Jane Lynch
Jane Lynch

Jane Lynch on Her Full-Circle Casting in Broadway’s Dazzling Funny Girl

Of the many roles Jane Lynch has juggled during the pandemic — host of the game show The Weakest Link, costar of a reboot of the sitcom Party Down, guest star on The Marvelous Mrs. Maisel, singer of jazzy Christmas tunes during a 10-city holiday tour — nothing excites her more than playing matriarch Rosie Brice in the all-new Broadway production of Funny Girl. The five-time Emmy winner began her career on stage and feels a personal bond with the beloved musical, which begins performances March 26 at Broadway’s August Wilson Theatre. The warm and friendly Lynch shared her love of Mrs. Brice and previewed Michael Mayer’s stunning production of Funny Girl during a morning chat with Broadway Direct.

How does it feel to be part of a musical that is getting its first new Broadway production in almost 60 years?

It’s a big deal! This is a musical I have known since I first took breath. I was brought up with Funny Girl on our turntable because it was one of my mother’s favorites, and anytime I got a job in show business, she would leave a message on my machine singing, “Who taught her everything she knows?” The full-circle thing is that now I get to sing that song to Beanie [Feldstein] as Fanny in Funny Girl. So it’s a beautiful culmination of falling in love as a kid with something that has such a strong connection to my mother, who isn’t with us anymore, and then coming around to perform it on Broadway.

What do you love about Funny Girl?

First of all, the music is amazing. I knew this growing up — it was beautiful, it was fun, it had a great beat, as they used to say on American Bandstand. And now, hearing the gorgeous orchestrations and the performances of our amazingly talented ensemble takes my breath away. I sit backstage and listen to the whole rehearsal — I don’t take off when I’m not on stage — and the music just goes deep into my soul. And it’s a great story! The book is really well conceived, the characters are well defined, and the trajectory of it is wonderful.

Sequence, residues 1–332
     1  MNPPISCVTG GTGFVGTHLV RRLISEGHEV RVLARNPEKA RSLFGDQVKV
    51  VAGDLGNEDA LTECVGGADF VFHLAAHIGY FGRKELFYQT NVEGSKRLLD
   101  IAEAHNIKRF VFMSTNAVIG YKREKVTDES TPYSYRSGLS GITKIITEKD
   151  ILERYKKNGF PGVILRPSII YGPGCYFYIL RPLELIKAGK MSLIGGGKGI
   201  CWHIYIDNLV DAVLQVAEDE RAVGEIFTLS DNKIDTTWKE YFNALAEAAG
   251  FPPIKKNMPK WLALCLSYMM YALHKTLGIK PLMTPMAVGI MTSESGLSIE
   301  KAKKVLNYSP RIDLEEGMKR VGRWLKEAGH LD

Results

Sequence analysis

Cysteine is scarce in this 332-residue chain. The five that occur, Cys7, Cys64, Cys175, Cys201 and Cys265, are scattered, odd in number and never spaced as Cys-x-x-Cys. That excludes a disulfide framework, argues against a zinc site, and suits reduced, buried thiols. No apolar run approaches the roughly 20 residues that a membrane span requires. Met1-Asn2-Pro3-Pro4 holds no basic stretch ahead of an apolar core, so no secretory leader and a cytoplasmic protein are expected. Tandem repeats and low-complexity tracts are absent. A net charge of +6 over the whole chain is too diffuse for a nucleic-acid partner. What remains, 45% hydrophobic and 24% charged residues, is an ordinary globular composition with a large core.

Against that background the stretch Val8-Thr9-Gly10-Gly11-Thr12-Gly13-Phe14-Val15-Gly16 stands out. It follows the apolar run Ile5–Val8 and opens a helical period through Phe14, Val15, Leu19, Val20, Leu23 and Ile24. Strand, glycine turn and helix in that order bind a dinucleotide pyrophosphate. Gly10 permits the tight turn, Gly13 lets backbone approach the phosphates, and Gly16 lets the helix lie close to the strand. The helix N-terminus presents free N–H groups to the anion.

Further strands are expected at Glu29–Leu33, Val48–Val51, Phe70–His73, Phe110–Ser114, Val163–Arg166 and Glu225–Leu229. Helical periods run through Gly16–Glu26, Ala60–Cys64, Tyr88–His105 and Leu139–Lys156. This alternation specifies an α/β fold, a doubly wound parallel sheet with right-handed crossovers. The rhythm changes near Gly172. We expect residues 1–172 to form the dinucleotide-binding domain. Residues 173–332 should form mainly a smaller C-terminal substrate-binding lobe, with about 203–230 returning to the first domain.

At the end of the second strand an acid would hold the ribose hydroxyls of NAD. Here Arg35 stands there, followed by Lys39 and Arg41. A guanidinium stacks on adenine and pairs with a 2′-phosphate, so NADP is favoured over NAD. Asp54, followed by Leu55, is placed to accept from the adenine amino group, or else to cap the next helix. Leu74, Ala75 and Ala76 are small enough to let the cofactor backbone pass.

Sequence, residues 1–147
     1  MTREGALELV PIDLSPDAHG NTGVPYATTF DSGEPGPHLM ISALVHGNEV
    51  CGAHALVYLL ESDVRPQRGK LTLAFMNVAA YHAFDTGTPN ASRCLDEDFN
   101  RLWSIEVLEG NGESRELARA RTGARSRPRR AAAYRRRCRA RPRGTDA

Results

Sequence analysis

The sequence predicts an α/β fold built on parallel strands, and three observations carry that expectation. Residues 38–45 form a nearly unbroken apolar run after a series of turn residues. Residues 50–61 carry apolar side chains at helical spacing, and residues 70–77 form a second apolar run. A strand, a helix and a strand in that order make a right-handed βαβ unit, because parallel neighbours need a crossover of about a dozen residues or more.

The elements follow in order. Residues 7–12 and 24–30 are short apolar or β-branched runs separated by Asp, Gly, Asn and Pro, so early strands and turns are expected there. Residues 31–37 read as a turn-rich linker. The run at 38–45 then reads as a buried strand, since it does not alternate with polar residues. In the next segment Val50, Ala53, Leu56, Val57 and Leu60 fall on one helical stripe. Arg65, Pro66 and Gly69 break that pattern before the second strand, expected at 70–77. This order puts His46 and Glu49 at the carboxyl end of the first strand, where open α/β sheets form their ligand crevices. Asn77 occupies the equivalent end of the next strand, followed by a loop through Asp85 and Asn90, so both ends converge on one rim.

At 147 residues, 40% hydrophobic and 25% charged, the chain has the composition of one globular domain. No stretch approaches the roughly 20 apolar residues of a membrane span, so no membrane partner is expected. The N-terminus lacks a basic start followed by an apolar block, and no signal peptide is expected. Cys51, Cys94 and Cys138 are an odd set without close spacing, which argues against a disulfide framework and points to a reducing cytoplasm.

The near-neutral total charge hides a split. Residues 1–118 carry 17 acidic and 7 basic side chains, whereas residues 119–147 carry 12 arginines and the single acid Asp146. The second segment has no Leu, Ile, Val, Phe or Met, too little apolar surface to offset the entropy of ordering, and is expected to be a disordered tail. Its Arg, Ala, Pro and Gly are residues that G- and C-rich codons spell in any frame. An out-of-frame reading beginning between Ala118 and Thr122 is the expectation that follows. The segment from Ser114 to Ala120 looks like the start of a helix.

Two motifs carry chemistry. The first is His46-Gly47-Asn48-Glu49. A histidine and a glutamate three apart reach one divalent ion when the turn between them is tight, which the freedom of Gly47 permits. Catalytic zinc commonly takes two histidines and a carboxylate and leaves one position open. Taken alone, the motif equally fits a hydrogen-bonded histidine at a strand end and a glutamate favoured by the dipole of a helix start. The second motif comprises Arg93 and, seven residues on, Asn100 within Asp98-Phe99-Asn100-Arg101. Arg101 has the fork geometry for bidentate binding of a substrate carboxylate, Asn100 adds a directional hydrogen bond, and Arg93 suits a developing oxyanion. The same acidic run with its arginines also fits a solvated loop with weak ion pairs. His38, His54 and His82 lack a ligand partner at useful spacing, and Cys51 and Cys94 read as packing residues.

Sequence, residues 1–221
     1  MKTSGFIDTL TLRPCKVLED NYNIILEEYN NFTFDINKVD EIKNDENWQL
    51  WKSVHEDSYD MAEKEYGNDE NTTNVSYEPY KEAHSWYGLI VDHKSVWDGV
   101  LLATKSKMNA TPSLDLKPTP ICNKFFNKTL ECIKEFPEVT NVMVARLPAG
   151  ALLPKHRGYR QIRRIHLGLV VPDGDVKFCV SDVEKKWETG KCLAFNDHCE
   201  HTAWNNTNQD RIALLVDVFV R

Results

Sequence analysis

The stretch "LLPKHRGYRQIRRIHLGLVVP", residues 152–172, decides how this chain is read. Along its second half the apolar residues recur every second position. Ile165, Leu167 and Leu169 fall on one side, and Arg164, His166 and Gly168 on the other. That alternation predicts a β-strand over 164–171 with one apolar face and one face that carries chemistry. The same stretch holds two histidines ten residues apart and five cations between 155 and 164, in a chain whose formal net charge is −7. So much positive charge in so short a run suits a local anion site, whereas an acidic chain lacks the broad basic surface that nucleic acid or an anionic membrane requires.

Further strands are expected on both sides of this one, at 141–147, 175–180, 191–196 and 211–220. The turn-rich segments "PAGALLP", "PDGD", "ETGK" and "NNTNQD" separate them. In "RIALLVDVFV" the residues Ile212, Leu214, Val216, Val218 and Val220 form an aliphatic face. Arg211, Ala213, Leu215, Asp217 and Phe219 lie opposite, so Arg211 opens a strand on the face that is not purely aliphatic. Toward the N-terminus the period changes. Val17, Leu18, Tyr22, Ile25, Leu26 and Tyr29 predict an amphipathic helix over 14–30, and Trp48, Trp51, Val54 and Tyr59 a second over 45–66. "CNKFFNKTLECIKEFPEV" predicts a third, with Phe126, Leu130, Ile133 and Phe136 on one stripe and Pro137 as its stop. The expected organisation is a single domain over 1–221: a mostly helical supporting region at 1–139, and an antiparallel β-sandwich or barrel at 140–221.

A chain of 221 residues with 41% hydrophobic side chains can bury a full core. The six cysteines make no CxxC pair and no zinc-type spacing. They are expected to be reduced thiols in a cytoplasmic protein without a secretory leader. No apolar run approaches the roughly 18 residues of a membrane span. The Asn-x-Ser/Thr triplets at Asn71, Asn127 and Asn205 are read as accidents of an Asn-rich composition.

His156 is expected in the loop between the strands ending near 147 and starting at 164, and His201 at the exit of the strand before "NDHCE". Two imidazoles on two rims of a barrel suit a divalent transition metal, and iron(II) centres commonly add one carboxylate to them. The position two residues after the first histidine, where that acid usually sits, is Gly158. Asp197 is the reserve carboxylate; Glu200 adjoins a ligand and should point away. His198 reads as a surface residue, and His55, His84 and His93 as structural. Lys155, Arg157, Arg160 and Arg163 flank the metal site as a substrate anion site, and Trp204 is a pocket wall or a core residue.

Are you enjoying playing the kind of supportive mother we all wish we had? 

Absolutely. The irony in my own life is that my mother, although she loved this show, did not want me to be an actor.

That’s hilarious.

Isn’t it? I remember her sitting me down when I was about 12. I was at our dining room table in Chicago, writing to agents, believe it or not. She stopped me and said, “Jane, I know you want to be an actress, but not everybody gets what they want.” I think that was more a reflection of how she felt about her life than about me. She didn’t know anybody in show business, so what chance would her kid have of making money? “You should learn to type,” she said, “and you’ll always have a job.” What I love about Rosie is that she’s unsentimental. She loves her daughter ferociously and has every ounce of belief in her. She says [to Fanny], “Go out and get what you want.” I think that comes from the fact that the actual Rosie Brice owned a saloon, of all things, in the early 1900s. You’ve got to be a pretty tough broad to do that, so she doesn’t fool around; she goes straight to the heart of everything.